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Selling Or Buying a Home? Find Out How to Get the Best Out of Your Estate Agent

 

Whether you want to make that first step onto the property ladder, desperate to move into your dream home or looking to sell up or down, you will need to face the fact that you will most likely have to manage an estate agent.

Despite conjuring up images of glorified Dixons sales assistants with shiny hair in shiny cars and even shinier suits, lots of estate agents can be relied on to deal with the greatest and most important transaction of several people's lives in a professional and efficient manner.




Nonetheless, working with estate agents could be a veritable minefield of dishonesty and hidden costs. And despite the property market seemingly stuck in recovery mode due to the economic downturn, complaints about estate agents are still being measured within their thousands.

In fact, the Property Ombudsman - an unbiased service that resolves disputes between consumers and sales and lettings agents - saw a 40% spike in cases in the first quarter of 2010 set alongside the same period in 2009.

But precisely how do estate agents unhappy buyers and sellers, and what can be carried out to stop such instances?

Most complaints about realtors materialise as a result of misleading information, bad advice, sneaky terms and conditions hidden in the little print and the usual unprofessionalism.

There are numerous things that could make a mistake so it's imperative that you keep your wits about you and do around you can to avoid engaging the services of a dodgy estate agent.

Should you wind up with a negative agent, you might find your dreams shattered and your bank account relieved of a large number of pounds with nothing to exhibit for this but weeks of stress and disappointment.
How to locate a reputable estate agent

The first thing to do before engaging the services of any estate agent is to ensure they're properly accredited.

The majority of estate agents are members of either The Property Ombudsman (TPO) or the National Association of Estate Agents (NAEA) and should be registered by the Office of Fair Trading-approved Estate Agents Redress Scheme.

With the right accreditation, you can be sure any complaint you make against your agent is likely to be reviewed properly in accordance with the relevant code of practice.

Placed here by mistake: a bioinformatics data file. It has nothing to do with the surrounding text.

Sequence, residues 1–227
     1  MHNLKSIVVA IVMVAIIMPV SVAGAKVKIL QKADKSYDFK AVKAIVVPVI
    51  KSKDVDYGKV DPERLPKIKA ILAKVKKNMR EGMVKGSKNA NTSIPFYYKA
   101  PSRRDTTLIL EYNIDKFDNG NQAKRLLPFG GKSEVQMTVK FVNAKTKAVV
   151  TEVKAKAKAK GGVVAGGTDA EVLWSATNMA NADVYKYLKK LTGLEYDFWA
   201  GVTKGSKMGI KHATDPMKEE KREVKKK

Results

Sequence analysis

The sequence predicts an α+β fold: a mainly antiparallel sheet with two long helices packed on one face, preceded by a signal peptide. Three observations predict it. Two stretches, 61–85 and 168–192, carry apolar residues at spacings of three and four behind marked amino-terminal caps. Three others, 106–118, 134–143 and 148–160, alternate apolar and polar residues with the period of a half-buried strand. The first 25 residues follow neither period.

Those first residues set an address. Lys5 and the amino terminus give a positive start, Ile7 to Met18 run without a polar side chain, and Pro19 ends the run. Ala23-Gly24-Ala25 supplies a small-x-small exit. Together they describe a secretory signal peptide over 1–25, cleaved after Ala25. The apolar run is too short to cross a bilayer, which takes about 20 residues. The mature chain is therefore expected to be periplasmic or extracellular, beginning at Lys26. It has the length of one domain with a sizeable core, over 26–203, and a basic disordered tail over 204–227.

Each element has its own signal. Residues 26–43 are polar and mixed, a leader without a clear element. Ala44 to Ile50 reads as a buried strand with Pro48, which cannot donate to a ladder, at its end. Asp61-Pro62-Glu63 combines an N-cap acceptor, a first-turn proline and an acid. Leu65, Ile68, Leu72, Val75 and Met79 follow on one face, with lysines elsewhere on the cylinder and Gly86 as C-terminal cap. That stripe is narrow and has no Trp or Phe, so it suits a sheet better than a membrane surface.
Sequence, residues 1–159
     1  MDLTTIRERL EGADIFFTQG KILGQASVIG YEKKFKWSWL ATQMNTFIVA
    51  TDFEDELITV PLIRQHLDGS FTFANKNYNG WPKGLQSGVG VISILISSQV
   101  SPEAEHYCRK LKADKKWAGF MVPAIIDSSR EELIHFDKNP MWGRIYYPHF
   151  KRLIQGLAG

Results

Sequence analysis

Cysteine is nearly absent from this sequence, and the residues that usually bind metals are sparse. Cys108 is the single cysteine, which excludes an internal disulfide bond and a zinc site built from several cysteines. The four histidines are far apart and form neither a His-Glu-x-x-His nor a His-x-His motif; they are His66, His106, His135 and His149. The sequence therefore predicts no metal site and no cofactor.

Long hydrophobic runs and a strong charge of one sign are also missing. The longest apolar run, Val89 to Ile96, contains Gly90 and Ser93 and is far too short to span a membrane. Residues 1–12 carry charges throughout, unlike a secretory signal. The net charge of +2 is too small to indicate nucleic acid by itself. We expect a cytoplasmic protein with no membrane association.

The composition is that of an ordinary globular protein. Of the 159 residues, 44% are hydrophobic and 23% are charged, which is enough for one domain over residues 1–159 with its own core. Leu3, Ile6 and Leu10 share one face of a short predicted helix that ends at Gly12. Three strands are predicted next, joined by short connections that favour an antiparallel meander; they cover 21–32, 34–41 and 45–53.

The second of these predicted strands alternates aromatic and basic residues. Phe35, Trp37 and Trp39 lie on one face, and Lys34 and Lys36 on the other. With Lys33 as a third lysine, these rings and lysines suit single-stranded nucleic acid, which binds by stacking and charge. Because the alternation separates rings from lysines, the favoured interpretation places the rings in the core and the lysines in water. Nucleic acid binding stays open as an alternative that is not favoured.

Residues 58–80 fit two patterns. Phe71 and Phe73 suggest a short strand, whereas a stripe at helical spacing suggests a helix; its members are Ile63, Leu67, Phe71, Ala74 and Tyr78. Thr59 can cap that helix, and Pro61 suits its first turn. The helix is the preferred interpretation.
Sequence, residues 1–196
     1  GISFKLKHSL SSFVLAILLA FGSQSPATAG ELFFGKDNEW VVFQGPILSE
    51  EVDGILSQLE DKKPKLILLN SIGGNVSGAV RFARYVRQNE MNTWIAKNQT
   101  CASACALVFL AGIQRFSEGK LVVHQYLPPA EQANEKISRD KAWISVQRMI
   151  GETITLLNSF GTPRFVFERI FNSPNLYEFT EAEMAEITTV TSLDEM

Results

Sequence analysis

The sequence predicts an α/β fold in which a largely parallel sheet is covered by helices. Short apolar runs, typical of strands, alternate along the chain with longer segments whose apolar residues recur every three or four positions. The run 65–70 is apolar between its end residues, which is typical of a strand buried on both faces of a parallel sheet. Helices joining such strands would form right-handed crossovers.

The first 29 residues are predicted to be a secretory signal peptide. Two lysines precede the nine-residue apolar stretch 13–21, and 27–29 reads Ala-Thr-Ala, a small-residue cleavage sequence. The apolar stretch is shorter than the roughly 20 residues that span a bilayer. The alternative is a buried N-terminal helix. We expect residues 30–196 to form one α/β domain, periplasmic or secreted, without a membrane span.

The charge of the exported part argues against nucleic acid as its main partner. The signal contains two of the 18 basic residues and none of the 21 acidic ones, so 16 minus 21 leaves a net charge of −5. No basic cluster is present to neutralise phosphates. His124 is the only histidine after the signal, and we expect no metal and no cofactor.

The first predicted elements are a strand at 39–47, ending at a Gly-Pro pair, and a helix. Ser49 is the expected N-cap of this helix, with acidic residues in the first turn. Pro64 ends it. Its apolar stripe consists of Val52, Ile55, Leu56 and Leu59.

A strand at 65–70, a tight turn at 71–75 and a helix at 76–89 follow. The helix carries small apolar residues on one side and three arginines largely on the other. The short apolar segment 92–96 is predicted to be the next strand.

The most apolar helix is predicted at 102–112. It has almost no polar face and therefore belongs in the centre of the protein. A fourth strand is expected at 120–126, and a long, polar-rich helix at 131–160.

Also, do not forget to ask agents just how long they have been in the industry for and simply how much training they've had. Working with an experienced and experienced professional will definitely help your peace of mind.

If your estate agent isn't affiliated with any recognised bodies or is dangerously under-qualified, then they are simply not worth the trouble. Would you probably risk thousands of pounds of your cash and your biggest asset with someone you can't trust?

Another great reason for consternation amongst sellers is some estate agents'attempts to claim commission on a sale even when they certainly were not directly involved in the transaction on the basis which they introduced the buyer.

In a recent court case, the judge ruled that after an estate agent makes a claim for commission, they need to prove they certainly were the effective cause of the sale. Quite simply, they should have introduced the purchaser to the purchase, not merely introduce them to the property.

Furthermore, agents that are members of the TPO or NAEA haven't any right to commission in the event that you withdrew their instruction a lot more than half a year ahead of the sale.

Those people who are not part of these bodes, however, can claim around six years so be wary.

Some estate agent contracts include a clause which states when the agent finds a'ready, willing and able'purchaser, then they've directly to claim commission regardless of whether you sold your property compared to that purchaser or not.

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